Q:

How do I clean and wash a pair of hiking boots?

How do you clean and wash boots? I have a pair of Asolo Cerro Torre's, and they are fairly light boots, but after a trip in the Never Summer Wilderness with lots of rain and mud, they feel heavy. The dried mud adds up, I guess. How can I make them light again? Thanks. Josh Wheeler Denver; CO

Sep 18, 2003
Outside
Outside Magazine
A: A. Could be the mud. Could be you just were TIRED!

Still, you probably could just let the boots dry, then whack them together a few times to get the crud out of the Vibram. But, with a high-end pair of boots like the Cerro Torre's ($375) it's prudent to give them a little more TLC. Here's what to do: Get a scrub brush with moderately soft bristles. Run cool water over the boots, and as you do give them a scrubbing with the brush, paying particular attention to seams or anyplace where dirt and grit might lodge and abrade the stitching. Rinse the insides, too—they can take it, and sweat from your feet is acidic and should be removed a few times a year.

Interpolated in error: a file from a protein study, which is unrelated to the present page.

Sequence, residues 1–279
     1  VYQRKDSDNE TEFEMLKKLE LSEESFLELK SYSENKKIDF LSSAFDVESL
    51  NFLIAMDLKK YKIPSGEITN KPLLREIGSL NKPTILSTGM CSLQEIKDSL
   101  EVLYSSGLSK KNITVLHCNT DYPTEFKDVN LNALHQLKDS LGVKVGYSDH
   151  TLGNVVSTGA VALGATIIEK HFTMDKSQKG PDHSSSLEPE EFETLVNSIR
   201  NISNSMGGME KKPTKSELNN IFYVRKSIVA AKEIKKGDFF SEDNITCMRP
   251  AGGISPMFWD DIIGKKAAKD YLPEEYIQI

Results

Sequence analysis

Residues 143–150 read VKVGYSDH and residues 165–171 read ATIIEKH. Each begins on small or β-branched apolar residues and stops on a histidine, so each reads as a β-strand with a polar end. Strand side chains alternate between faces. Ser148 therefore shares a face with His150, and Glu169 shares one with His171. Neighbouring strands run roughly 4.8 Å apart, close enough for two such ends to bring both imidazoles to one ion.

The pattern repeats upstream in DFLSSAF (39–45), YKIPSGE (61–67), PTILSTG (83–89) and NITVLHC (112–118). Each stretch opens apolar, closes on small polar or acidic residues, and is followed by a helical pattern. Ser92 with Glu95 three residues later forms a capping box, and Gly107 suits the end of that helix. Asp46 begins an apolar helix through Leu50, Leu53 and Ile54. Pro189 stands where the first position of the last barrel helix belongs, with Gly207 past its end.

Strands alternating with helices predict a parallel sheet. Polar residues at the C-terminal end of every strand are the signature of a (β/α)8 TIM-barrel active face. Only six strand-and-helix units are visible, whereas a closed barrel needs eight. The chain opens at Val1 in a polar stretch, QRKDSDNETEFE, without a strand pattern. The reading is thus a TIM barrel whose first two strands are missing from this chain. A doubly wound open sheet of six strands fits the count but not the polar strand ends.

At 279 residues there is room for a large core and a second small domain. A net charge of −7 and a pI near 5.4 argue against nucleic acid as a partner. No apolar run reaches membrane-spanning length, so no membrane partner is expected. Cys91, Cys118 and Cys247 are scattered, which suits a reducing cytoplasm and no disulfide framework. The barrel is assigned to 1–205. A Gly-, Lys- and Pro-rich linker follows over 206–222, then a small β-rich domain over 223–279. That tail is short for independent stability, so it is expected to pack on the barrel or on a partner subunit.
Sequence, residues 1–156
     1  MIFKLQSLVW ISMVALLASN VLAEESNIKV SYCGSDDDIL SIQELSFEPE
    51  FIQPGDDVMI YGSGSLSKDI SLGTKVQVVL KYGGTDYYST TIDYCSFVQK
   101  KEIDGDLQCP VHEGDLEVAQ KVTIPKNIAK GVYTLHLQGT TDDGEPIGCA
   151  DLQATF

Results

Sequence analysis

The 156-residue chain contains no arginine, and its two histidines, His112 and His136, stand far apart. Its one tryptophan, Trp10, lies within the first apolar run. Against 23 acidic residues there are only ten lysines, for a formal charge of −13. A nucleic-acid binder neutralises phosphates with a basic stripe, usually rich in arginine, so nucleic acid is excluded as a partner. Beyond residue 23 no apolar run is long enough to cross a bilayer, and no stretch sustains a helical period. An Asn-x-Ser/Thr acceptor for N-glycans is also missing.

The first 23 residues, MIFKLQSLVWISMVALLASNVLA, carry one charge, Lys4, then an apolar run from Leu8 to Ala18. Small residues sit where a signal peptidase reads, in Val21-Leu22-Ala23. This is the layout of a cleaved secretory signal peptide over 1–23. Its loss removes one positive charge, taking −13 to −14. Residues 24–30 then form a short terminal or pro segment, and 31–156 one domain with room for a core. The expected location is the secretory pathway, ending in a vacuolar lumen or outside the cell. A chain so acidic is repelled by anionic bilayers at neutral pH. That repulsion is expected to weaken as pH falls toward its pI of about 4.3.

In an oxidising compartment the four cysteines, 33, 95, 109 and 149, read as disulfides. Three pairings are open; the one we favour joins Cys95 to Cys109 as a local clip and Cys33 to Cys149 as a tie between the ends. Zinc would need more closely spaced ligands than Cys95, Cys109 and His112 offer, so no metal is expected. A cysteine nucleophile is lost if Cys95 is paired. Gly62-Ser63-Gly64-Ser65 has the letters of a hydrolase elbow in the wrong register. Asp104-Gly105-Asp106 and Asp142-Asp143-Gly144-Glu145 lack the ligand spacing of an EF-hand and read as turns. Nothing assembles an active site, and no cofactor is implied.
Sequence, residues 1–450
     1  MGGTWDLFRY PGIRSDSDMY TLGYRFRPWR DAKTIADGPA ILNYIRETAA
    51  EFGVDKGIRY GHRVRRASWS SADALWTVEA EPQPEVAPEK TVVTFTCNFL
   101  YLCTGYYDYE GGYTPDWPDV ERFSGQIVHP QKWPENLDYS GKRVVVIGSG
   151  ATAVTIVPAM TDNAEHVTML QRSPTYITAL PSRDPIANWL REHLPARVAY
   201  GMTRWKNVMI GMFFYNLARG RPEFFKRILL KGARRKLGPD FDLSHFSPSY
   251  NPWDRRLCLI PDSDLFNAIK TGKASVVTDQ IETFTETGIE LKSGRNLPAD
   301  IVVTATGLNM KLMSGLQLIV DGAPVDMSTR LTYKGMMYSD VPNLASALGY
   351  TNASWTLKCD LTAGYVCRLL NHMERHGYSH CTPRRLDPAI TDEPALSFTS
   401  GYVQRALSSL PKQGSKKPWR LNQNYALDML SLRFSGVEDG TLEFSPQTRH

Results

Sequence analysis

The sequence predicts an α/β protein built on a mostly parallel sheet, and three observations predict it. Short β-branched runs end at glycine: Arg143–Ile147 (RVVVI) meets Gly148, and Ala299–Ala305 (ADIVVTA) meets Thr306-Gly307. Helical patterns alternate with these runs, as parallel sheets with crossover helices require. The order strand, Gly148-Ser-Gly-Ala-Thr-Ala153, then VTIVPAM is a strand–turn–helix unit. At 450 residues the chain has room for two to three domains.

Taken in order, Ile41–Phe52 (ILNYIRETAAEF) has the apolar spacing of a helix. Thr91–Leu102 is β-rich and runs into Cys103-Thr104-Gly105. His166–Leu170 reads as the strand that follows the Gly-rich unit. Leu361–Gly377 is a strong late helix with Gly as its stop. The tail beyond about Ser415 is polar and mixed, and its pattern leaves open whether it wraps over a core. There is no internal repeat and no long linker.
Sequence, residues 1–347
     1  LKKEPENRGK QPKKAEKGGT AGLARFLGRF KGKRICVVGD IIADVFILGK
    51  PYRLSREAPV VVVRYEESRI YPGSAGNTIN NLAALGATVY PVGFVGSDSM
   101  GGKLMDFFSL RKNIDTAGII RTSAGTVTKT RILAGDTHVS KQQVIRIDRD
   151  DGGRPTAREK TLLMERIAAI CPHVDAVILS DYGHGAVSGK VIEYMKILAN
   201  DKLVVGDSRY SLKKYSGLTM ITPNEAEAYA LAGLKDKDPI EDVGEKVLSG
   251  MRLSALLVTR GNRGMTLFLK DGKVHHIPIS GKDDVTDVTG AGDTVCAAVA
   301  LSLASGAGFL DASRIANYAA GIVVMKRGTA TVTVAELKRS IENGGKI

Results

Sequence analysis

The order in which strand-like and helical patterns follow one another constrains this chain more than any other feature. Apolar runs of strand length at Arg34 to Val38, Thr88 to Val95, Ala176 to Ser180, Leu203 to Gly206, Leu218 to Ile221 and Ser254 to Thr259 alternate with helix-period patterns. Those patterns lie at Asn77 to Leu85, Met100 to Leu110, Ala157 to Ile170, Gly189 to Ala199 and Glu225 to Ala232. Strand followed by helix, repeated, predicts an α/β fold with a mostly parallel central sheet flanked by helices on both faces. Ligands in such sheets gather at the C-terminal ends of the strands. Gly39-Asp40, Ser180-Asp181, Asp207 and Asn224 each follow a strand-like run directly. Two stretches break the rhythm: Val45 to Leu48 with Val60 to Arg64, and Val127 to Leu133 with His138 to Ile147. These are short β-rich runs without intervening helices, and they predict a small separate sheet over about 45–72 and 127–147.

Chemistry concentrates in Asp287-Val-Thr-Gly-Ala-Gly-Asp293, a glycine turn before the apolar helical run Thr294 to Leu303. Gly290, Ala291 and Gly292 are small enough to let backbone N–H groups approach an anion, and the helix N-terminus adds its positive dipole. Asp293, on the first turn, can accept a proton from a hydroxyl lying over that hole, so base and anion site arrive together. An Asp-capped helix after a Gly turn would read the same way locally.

Then, let the boots dry in a warm place—but not in front of a heater or in direct sunlight. Once they're dry, give them a light coating with a leather conditioner such as Nikwax Liquid Conditioner ($7.50), and either a brush-on wateproofer such as Nikwax Aqueous ($7.50) or a spray-on one such as Tectron Shoe Guard ($5.50). Give the boots that sort of treatment a once or twice a year, with a light cleaning when they're muddy in between overhauls, and they should give you many years of good service.

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